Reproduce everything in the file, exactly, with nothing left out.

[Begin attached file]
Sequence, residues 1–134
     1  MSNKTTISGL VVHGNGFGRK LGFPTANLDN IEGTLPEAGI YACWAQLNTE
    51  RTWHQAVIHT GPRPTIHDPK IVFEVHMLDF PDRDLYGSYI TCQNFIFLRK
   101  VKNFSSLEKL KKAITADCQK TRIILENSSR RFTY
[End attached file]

Sequence, residues 1–134
     1  MSNKTTISGL VVHGNGFGRK LGFPTANLDN IEGTLPEAGI YACWAQLNTE
    51  RTWHQAVIHT GPRPTIHDPK IVFEVHMLDF PDRDLYGSYI TCQNFIFLRK
   101  VKNFSSLEKL KKAITADCQK TRIILENSSR RFTY